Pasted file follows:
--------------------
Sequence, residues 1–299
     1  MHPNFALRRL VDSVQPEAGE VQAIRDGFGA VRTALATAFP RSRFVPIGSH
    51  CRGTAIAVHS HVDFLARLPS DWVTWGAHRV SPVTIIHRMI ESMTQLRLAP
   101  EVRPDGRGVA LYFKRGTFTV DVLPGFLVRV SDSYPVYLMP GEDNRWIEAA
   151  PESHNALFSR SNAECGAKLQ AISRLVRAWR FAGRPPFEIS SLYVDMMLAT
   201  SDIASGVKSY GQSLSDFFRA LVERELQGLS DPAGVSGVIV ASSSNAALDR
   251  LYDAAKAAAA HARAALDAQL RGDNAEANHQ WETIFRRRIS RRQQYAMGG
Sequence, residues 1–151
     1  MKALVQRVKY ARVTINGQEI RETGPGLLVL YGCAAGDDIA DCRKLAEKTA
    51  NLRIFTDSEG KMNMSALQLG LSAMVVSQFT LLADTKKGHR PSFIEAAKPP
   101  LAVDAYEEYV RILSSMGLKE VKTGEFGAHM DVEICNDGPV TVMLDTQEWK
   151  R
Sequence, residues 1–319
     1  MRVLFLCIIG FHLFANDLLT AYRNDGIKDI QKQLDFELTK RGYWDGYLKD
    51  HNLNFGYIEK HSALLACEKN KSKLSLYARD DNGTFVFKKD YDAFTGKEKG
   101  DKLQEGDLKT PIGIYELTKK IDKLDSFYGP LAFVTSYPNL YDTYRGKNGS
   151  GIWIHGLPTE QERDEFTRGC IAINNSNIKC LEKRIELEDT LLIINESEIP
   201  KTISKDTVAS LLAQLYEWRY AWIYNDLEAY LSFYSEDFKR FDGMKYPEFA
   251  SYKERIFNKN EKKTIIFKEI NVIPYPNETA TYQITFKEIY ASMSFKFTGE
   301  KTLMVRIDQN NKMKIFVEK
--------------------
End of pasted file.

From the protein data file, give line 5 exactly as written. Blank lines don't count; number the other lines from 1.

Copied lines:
   151  PESHNALFSR SNAECGAKLQ AISRLVRAWR FAGRPPFEIS SLYVDMMLAT